State v. Ballard

Annotate this Case

351 So. 2d 484 (1977)

STATE of Louisiana, Appellee, v. David BALLARD, Appellant.

No. 59567.

Supreme Court of Louisiana.

October 10, 1977.

*486 Barry F. Viosca, Orleans Indigent Defender Program, New Orleans, for appellant.

William J. Guste, Jr., Atty. Gen., Barbara Rutledge, Asst. Atty. Gen., Harry F. Connick, Dist. Atty., Charles Brandt, Asst. Dist. Atty., for appellee.


The defendant was convicted of armed robbery, La.R.S. 14:64, and sentenced to 49½ years at hard labor. He appeals his conviction and relies upon three assignments of error. Of these, Assignment 4 poses a serious issue. It concerns the use of "other crimes" evidence to prove system, La.R.S. 15:445.

The defendant is charged with the armed robbery of John Lowe on May 26. In aid of its proof of the contested issue of identity, the state (after appropriate Prieur pre-trial notice and showing) introduced proof of a robbery of Robert Daigle accomplished two days earlier, by a similar modus operandi.

The issue presented is very substantial and extremely close. A majority of the court has ultimately decided, however, that the trial judge did not abuse his discretion in finding that the probative value exceeded the prejudicial effect of the admission of the evidence of the other crime.


La.R.S. 15:446 literally provides: "* * * where the offense is one of a system, evidence is admissible to prove . . . the commission of similar offenses for the purpose of showing guilty knowledge and intent, but not to prove the offense charged." Thus, another offense may be used to prove guilty knowledge (i. e., to negate an innocent explanation for an admitted action) or intent (such as where specific intent must be proved). State v. Slayton, 338 So. 2d 694 (La.1976); State v. Medlock, 297 So. 2d 190 (La.1974).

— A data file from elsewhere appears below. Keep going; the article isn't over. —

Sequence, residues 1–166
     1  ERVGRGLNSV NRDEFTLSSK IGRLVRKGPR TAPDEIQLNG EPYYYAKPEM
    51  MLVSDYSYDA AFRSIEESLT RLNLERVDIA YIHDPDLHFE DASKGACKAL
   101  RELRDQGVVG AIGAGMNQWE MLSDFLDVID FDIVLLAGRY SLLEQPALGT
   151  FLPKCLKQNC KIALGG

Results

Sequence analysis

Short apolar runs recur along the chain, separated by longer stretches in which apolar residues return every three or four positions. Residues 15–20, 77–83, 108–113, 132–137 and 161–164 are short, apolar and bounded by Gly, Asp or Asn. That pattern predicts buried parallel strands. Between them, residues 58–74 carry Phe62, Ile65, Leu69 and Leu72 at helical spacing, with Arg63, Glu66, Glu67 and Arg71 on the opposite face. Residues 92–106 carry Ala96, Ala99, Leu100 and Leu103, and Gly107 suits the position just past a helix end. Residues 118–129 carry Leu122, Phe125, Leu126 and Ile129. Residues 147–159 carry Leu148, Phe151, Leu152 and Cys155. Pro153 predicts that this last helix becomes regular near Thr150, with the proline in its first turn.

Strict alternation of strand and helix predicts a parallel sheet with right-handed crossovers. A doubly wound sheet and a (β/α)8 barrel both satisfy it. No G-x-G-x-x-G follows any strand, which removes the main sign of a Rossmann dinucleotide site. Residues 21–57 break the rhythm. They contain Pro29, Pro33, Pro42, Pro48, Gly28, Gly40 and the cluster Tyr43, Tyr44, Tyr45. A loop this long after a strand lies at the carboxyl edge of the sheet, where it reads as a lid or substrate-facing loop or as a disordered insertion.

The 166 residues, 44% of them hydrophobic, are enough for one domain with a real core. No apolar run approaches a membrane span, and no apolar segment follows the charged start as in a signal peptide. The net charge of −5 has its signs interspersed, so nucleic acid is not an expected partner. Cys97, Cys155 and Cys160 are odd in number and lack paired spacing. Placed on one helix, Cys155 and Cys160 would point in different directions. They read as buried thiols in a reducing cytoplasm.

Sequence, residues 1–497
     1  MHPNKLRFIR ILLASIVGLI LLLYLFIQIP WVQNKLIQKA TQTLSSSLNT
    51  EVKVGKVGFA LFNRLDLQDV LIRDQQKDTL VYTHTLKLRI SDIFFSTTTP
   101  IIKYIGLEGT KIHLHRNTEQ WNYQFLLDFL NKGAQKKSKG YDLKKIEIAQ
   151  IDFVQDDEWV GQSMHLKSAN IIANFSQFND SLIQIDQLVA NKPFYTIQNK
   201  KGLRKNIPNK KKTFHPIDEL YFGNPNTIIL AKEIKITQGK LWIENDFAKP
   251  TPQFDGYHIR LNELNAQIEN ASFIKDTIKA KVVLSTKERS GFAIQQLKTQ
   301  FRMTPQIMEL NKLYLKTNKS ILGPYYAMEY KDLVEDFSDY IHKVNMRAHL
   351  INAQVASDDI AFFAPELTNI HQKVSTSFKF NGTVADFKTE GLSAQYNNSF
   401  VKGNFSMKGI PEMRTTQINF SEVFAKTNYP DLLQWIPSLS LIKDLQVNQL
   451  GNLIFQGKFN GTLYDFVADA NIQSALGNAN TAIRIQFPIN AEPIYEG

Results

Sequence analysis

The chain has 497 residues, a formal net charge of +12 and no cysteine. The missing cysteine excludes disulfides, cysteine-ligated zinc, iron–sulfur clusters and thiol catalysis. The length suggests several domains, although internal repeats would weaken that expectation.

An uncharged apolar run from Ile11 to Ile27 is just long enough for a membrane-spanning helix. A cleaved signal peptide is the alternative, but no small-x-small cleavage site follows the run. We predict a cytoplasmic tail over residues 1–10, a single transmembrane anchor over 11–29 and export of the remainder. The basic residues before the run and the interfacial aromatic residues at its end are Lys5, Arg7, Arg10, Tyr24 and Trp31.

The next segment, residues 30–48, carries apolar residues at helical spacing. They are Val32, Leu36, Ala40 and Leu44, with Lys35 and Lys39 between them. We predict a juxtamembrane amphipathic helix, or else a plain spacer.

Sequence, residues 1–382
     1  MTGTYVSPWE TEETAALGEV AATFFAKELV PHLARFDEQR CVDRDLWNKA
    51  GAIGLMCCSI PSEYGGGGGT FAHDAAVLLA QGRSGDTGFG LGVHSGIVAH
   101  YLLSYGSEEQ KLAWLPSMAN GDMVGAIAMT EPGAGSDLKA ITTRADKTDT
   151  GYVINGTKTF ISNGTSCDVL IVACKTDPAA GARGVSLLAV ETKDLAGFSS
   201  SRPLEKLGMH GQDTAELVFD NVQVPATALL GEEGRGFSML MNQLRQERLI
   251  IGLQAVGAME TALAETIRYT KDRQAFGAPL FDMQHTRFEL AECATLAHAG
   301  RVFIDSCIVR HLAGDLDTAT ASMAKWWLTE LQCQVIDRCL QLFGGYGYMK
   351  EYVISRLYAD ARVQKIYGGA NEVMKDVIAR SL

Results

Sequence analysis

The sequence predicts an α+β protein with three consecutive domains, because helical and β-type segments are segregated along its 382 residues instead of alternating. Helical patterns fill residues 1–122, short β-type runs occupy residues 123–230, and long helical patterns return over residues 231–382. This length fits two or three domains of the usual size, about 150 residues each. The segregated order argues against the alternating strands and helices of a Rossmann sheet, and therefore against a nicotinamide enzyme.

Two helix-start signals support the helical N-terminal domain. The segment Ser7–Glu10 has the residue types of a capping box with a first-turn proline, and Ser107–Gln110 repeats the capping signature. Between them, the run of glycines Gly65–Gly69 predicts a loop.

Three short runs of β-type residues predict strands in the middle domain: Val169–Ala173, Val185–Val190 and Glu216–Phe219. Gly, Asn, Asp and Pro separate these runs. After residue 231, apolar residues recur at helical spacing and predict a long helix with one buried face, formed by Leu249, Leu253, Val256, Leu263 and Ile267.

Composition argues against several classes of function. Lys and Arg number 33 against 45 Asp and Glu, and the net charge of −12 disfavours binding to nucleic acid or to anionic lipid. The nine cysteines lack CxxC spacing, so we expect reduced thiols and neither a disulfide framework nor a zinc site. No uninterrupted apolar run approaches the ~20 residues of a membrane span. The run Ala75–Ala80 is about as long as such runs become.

However, knowledge and intent are not here at issue: The offender undoubtedly had the requisite general criminal intent to commit the robbery, while no innocent explanation is advanced (or could be, under the present facts) which makes guilty knowledge relevant to determine whether the conduct is unlawful. See State v. Slayton, 338 So. 2d 694 (La.1976); State v. Clark, 338 So. 2d 690 (La.1976); State v. Jordan, 276 So. 2d 277 (La.1973).

Nevertheless, beyond the literal terms of the statute, jurisprudentially this court has held to be admissible, for limited purposes, proof of other crimes exhibiting almost the identical modus operandi or system, committed in close proximity in time and place. State v. Jones, 332 So. 2d 466 (La.1976) (a pre-Prieur trial); State v. Price, 325 So. 2d 780 (La.1976); State v. Vince, 305 So. 2d 916 (La.1974); State v. Lawrence, 294 So. 2d 476 (La.1974).

As the jurisprudence has clarified, not only must the other crime be distinctively similar in system, State v. Slayton, 338 So. 2d 694 (La.1976), State v. Waddles, 336 So. 2d 810 (La.1976), State v. Hicks, 301 So. 2d 357 (La.1974), but the proof of the other crime as part of the system must be relevant to prove a fact of consequence to the accused's present innocence or guilt (independent of the inadmissible purpose to infer that the accused committed the present crime because he had committed the other one). State v. Ledet, 345 So. 2d 474 (La.1977); State v. Frederick, 340 So. 2d 1353 (La.1976); State v. Gaines, 340 So. 2d 1294 (La.1977); State v. Hicks, 301 So. 2d 357 (La.1974); State v. Harrison, 291 So. 2d 782 (La.1974).